The other side of this coin can be just as difficult. Now that the ability to use the same mobile phone in any location around the world is beginning to be accepted as a reasonable goal, there is a strong push in the ITU and other international forums to allocate such bands identically in every country in a given region, and even in every region. This is called harmonization of allocations, and while it would ease the problems associated with disparities among national allocations, it would hinder our ability to use unique, U.S.-only allocation arrangements to operate on a worldwide basis.
We Must Get Out in Front
The collision between military and commercial spectrum access requirements is inevitable. It is, in fact, under way. DoD already has lost spectrum availability, but we have worked with the national authorities to identify those portions of spectrum (for reallocation) that were the least critical to DoD operations. By virtue of this work and the fact that much of the reallocated spectrum has not yet been put into use by the new "residents," the impact on operations thus far has been minimal. Unfortunately, very little of the remaining spectrum used by DoD could be called noncritical. The actions we believe are necessary—sharing, regulatory activities, development of higher spectrum efficiency systems, etc.—quickly are becoming critical to our future military operations. We must get on with these activities, and we must begin immediately. We must be out in front proposing strategies that protect national spectrum priorities, promote sharing, and transform us from the current contentious environment of frequency spectrum competition to one of mutual benefit for both military need and commercial opportunities.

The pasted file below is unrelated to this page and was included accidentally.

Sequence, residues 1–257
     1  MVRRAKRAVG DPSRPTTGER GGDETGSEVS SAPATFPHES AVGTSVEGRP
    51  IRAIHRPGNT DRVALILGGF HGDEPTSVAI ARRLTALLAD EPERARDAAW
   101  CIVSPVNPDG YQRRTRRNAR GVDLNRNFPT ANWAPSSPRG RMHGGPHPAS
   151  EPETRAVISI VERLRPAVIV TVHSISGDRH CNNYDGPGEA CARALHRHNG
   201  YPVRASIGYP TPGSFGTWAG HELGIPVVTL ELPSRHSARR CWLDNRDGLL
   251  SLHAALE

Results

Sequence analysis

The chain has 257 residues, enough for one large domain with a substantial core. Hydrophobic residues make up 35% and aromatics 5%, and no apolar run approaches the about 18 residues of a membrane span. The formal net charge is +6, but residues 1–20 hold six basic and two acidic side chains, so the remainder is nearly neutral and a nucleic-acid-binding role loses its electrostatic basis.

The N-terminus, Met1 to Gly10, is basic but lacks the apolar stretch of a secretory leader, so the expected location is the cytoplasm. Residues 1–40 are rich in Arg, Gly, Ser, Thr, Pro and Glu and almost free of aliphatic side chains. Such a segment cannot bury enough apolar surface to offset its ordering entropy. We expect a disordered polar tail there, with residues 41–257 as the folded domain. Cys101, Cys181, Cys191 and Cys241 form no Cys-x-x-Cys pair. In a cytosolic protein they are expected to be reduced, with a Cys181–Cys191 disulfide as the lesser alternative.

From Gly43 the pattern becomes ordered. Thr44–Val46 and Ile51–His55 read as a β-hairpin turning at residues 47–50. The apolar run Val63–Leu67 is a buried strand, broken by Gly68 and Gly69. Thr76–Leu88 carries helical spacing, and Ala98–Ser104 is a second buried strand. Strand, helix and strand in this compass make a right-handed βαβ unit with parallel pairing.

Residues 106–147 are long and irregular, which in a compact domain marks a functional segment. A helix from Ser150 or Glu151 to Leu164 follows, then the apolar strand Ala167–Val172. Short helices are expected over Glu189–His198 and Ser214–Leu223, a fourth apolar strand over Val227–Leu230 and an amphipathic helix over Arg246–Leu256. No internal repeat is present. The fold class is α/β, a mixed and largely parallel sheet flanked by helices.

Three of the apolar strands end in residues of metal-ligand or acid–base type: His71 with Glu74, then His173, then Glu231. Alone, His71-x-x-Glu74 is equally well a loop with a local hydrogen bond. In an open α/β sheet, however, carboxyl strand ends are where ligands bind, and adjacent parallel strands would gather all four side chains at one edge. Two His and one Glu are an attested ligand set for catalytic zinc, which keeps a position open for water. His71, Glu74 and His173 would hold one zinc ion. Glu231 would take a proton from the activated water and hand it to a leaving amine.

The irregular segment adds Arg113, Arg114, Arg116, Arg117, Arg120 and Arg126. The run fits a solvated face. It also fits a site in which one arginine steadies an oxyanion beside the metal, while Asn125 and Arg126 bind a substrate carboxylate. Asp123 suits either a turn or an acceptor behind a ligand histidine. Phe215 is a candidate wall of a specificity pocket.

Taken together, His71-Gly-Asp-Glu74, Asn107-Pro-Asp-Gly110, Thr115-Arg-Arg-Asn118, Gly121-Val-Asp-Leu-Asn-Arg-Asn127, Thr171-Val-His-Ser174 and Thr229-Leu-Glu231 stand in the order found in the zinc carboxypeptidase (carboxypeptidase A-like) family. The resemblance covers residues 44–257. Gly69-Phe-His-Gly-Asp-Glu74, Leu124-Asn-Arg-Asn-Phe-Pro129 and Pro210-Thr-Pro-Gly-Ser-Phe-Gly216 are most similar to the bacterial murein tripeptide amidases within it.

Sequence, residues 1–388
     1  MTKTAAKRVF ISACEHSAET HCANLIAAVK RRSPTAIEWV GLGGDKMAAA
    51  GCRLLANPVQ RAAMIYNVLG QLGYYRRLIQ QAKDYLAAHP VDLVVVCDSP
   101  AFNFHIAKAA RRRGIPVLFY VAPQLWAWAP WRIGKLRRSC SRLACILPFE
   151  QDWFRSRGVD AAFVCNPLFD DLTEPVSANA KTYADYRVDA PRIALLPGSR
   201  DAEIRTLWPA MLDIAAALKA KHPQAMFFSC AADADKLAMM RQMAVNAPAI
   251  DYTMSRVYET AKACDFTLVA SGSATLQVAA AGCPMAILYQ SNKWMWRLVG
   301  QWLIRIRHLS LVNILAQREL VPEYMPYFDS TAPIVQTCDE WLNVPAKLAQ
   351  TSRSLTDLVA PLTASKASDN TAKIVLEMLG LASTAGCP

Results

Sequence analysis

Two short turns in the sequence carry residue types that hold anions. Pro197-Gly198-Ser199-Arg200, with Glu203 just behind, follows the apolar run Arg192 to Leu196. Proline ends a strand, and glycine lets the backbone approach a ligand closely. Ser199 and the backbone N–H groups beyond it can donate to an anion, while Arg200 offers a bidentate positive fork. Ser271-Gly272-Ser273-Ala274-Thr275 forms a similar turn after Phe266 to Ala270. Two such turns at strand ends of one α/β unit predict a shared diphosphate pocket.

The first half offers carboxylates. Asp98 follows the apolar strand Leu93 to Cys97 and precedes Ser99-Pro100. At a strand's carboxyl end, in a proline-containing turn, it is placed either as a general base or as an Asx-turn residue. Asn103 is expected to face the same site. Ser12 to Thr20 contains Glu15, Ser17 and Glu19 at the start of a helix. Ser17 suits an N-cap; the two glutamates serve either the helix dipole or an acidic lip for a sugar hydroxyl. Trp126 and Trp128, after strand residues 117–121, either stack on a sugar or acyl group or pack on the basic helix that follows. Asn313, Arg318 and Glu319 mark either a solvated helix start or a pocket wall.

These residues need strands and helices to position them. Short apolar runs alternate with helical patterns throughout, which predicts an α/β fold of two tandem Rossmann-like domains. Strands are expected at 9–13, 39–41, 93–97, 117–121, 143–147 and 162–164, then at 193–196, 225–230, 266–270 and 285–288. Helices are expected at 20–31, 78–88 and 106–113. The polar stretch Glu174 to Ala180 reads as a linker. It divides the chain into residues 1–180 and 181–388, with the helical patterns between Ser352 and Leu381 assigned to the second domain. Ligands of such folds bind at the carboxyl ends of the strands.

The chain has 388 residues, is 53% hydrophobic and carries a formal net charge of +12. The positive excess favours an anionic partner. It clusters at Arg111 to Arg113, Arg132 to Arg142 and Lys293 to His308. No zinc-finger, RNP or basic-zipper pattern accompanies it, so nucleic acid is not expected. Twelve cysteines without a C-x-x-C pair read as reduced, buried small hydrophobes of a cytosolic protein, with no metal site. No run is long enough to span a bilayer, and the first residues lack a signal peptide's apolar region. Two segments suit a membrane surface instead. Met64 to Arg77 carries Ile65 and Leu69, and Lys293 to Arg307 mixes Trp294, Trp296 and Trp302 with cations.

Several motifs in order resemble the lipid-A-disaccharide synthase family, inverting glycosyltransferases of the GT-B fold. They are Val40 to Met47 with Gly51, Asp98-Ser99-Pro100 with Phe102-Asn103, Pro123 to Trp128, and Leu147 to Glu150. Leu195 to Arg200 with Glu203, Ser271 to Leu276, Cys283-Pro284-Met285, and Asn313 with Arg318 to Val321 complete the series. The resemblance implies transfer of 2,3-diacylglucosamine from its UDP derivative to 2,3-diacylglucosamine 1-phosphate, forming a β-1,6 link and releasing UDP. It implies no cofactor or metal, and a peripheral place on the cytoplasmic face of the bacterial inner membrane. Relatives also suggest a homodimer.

General Raduege is director of the Defense Information System Agency and manager of the National Communications System.